Daily Point of Light # 2125 Mar 27, 2002

Southeastern Community Oriented Policing Education (SCOPE) is a Regional Community Policing Institute (RCPI) formed by the Community Oriented Policing Services (COPS) Office to provide assessment, planning, technical assistance, and instruction to law enforcement agencies and communities in Tennessee and seven surrounding states. Its specialty area is to build and sustain community policing. The SCOPE staff focuses on the issue of youth violence so that teens, as well as adults, have the opportunity to gain skills while working to make their communities a safer place to live.

A community policing team consisting of various community representatives is formed in each participating community. The SCOPE RCPI provide skilled facilitators to assist with the initial organizational meeting of the team, teach problem solving skills, and bring in other subject matter experts to teach community and agency representatives the process for successful organizational transformation. The Challenge to Change model is distinctive in that it provides communities the flexibility necessary to determine the problems they face and develop solutions that will work in their community. By introducing the problem solving techniques that have been successful in community policing, the SCOPE facilitators encourage team members to focus on problems that are unique to their community.

The Challenge to Change project focuses on the reduction of youth violence and brings all the service providers; educators, community volunteers and most importantly – the young people together to participate in an ongoing community improvement program. The project was developed by The University of Tennessee’s SCOPE RCPI in December 1998 to combat youth violence. The U.S. Department of Justice, Office of Community Oriented Policing Services approved the plan, and SCOPE has provided these services and technical assistance to a total of eleven communities in seven southeastern states.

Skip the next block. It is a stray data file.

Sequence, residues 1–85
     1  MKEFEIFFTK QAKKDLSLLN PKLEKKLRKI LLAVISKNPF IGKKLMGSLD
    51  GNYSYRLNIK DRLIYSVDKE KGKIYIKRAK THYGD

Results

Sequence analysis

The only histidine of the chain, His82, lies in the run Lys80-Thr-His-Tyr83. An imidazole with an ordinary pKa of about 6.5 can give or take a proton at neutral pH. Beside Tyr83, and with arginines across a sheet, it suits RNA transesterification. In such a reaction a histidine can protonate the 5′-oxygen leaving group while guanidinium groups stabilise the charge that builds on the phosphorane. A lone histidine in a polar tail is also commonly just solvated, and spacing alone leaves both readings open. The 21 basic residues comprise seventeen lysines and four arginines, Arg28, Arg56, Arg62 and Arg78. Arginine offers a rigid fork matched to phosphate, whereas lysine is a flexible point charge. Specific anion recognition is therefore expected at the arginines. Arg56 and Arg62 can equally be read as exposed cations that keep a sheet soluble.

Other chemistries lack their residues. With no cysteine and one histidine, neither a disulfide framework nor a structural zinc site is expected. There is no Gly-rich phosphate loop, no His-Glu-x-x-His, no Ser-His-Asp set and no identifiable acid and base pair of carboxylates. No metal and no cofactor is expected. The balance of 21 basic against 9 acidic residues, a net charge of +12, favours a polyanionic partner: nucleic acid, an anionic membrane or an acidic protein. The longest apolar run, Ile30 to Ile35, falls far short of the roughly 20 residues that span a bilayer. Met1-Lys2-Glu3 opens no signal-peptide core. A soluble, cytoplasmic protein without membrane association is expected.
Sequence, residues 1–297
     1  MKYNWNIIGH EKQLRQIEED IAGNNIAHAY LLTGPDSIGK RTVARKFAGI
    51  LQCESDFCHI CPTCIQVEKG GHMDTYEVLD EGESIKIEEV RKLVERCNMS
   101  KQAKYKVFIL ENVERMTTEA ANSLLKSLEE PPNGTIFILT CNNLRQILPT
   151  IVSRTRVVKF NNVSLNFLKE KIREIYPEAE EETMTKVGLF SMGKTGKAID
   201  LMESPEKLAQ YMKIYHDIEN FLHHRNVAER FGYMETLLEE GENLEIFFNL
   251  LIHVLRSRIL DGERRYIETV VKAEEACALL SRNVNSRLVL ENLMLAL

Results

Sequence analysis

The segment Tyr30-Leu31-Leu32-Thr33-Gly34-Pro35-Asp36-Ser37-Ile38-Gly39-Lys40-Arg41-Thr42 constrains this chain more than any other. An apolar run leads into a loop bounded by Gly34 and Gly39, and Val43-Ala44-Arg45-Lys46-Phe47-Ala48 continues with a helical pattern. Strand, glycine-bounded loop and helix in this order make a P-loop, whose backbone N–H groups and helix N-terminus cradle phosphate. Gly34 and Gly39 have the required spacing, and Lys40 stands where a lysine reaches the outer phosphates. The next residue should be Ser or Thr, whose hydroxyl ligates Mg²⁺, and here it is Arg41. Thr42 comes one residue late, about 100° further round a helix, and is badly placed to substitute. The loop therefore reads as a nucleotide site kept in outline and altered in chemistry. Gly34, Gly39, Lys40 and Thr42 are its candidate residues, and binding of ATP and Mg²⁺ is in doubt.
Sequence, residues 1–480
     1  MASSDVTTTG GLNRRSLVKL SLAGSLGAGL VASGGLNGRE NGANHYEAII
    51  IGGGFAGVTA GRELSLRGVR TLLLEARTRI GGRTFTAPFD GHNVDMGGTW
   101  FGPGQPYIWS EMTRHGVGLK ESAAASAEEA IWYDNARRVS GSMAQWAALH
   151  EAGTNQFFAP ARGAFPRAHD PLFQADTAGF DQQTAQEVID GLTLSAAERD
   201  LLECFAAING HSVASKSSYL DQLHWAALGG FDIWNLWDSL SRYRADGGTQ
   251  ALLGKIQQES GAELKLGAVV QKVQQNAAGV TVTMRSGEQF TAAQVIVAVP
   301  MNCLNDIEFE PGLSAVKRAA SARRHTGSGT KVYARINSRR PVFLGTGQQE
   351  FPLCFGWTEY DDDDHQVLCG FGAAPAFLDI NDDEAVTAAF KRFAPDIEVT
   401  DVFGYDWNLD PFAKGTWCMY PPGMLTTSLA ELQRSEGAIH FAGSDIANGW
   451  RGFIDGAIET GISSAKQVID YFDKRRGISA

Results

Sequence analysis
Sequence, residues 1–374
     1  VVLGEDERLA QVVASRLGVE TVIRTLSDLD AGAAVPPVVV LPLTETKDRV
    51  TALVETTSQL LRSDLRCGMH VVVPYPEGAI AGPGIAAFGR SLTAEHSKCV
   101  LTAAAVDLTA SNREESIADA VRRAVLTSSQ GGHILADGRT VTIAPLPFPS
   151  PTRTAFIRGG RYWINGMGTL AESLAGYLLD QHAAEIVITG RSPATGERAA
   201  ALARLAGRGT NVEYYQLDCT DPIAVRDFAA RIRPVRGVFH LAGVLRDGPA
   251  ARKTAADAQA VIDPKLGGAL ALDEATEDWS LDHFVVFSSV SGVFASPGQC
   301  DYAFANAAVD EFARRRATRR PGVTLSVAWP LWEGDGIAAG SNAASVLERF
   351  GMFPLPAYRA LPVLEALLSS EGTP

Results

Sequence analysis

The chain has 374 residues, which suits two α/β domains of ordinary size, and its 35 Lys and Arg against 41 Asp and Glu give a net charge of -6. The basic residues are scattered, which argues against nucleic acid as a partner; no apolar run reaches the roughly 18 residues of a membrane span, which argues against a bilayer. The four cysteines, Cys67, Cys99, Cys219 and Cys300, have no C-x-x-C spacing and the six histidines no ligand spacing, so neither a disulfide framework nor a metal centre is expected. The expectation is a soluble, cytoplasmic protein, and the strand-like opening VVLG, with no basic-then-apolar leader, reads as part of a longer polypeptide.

The Challenge to Change model relies heavily on the involvement of youth members on the community policing team and includes a ten-month project timeline so that both short and long-term successes are experienced. While many programs initially meet with success, the Challenge to Change model is consistently effective in meeting the needs of young people in communities throughout their region. One project was so immediately successful it was adopted as the statewide model for all schools to follow during the 2000 school year. A Youth Summit was convened in Knoxville during 2000, and more than 200 Challenge to Change participants (teens and adults) met to learn about topics of importance to young people. Most importantly, the teams developed an action plan to take back to their communities that will help them combat youth violence in their schools and neighborhoods.

The SCOPE staff is working to select the 2001 Challenge to Change communities, and they planned the 2001 Youth Summit. While their model undergoes occasional refinement, the successes of the first and second year participants continue to positively impact the communities with a reduction in the incidents of youth and school violence.